Bosasa and the Guptas are no different from each other; they only happen to be competitors in a corrupt political economy, writes Ralph Mathekga.
The effects of corruption on a society goes beyond loss of money. Corruption tears societies apart and threatens the legitimacy of institutions.
Corruption takes away the nation's innocence and belief that institutions exist in the public interest as opposed to being there to further special interests or the interests of a few.
Where corruption is rampant, it becomes difficult for people to believe that the state's institutions offer recourse against injustice. The revelations about the extent of corruption involving Bosasa, as alleged at the Zondo Commission, show that key institutions such as the prosecuting authority were significantly weakened by those benefitting from corruption.
The Bosasa saga has the potential to tear down the society. The Zondo Commission's revelations regarding the company have got South Africans talking, at times accusing each other of cover ups and deliberate distortions regarding the nature and extent of corruption in South Africa.
Bosasa is alleged to have infiltrated the criminal justice system, the ANC as a governing party, and the broader political space in the country. If the allegations of wholesale bribery by Bosasa are true, it shows that the company is primarily a corruption enterprise with provision of securities and catering services as additional work carried out when necessary. Its core function is then to perfect corruption.
The story of Bosasa has thus far had the usual effect on the conversation about corruption among South Africans. The usual response by South Africans when we see details of how bad things have become is to first act surprised and shocked. It has been public knowledge for a long time now that Bosasa was involved in corrupt activities relating to tenders and shouldn't really surprise us.
Treasury maintains a list of serious tender rule offenders with the aim to discourage government departments from doing business with the black listed. The company was officially "black listed" by national treasury from attaining business in government, yet it amassed more and more tenders despite this.
Being on that list should have discouraged government departments from continuing to do business with Bosasa. Instead, Bosasa only changed its name and carried on doing business with government.
This is indicative of a company that is above the law and literally controls the governing political party, the ANC.
The ANC was the first institution to be annihilated by Bosasa, to ensure that the party tows the line and becomes crippled when it comes to disciplining those who take bribes from Bosasa.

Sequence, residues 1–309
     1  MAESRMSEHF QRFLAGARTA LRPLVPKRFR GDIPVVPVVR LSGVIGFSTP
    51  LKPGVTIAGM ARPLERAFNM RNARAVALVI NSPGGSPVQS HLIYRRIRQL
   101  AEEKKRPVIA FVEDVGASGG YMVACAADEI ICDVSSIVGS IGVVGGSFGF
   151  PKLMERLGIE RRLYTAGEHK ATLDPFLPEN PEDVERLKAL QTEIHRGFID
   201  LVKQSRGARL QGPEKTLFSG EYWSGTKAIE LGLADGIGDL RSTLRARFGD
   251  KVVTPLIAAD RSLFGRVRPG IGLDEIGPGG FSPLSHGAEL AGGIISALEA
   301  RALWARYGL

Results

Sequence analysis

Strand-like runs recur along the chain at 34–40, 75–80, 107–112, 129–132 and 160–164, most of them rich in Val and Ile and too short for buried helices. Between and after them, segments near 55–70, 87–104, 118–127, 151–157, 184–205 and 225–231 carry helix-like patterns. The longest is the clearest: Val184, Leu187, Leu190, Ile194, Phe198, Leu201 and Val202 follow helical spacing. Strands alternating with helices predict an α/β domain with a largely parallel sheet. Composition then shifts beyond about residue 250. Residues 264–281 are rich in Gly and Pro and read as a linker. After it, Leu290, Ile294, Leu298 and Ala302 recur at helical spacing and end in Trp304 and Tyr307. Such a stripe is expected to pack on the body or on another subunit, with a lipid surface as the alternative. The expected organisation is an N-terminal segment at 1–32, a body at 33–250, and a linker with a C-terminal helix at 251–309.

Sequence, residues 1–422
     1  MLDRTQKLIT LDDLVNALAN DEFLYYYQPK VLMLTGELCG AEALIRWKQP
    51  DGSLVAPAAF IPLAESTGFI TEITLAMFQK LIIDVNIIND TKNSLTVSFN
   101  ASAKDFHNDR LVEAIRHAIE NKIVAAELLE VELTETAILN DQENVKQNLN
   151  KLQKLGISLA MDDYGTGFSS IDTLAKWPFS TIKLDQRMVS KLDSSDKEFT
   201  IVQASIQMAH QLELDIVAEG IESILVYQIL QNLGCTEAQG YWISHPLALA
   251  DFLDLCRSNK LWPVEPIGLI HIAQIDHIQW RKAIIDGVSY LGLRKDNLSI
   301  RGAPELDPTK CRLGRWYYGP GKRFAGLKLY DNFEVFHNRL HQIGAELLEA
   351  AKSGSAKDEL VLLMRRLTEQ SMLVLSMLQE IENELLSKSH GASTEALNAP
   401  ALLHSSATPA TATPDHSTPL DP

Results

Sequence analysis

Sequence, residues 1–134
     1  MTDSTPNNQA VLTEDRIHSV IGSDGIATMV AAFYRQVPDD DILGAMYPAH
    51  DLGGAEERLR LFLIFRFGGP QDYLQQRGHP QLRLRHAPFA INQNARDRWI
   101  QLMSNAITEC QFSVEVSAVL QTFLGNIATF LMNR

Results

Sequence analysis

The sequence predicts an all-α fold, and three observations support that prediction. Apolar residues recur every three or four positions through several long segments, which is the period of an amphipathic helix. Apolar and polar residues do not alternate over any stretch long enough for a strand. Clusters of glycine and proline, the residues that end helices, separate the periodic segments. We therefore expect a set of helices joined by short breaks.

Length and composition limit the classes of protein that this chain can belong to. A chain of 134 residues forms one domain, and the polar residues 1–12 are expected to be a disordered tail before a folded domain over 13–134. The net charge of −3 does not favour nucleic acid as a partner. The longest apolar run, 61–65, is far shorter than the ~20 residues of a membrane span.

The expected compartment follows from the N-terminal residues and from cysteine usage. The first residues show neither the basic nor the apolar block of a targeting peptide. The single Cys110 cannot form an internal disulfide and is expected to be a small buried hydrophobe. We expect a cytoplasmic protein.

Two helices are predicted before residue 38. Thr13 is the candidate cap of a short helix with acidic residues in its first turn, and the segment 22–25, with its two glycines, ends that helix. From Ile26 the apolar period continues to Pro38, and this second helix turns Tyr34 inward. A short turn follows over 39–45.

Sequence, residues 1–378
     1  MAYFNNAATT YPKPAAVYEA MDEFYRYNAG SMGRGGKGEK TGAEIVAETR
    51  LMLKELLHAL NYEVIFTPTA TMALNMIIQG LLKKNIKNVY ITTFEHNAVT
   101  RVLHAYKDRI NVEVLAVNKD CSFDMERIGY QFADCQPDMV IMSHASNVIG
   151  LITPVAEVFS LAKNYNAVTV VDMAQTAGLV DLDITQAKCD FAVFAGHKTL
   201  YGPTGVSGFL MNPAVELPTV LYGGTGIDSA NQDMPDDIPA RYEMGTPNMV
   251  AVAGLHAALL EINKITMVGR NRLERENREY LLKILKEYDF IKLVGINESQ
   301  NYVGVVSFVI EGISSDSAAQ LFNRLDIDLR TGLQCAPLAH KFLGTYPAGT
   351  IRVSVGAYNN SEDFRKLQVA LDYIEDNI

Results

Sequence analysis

For any successful capture of the state or its institutions to take place, the first thing to do is to manage the political party that deploys individuals to government. How do you do that? You fund the party and make sure it relies on that funding channel. In that way, the fight against corruption becomes the fight against a source of funding for the party.
Those who are tasked with taking the bribe money to the party, simply start stealing some of the laundered or even stolen money that was meant for the party, opening their own institutional network to amass more tenders and pass as little money as possible to the party. I will be surprised if all the money from Bosasa that was allegedly meant to fund the ANC made its way to the party.
The Bosasa saga also triggers among South Africans the usual responses that attention is now drawn away from the poster boys of corruption, the Gupta family. Some are asking why Angelo Agrizzi is so willing to spill the beans? Is it because he was paid to deflect attention from the Guptas? Do the Guptas come across as more respectful in their means as opposed to Bosasa's preference for cash payments? Thus, between the Guptas and Bosasa, who shared their loot equitably among the said comrades? Who was more ruthless in building a corruption pipeline?
Once we go the route of trying to decide whose corruption is more tolerable to live with, we find ourselves having to take a position in relation to which corruption enterprise we could live with, and which one embarrasses us more. In relation to Bosasa, some are happy to say it hardly implicates Zuma. Well, what about his obligation to have stopped it? Failing to stop grand corruption also implies that Zuma might have been silenced with bribery, which makes him an accomplice.
The truth of the matter is that Bosasa and the Guptas are no different from each other; they only happen to be competitors in a corrupt political economy. The fact that Bosasa has come forth as a serious player in the game of corruption does not mean the Gupta family is off the hook. It only means that there were several competitors in the game of robbing South Africans.
This cannot be a reprieve; it only shows how corruption was nearly democratised among all willing competitors. South Africans are still worse off.
- Ralph Mathekga is a senior researcher at UWC's Centre for Humanities Research, and author of When Zuma Goes and Ramaphosa's Turn.
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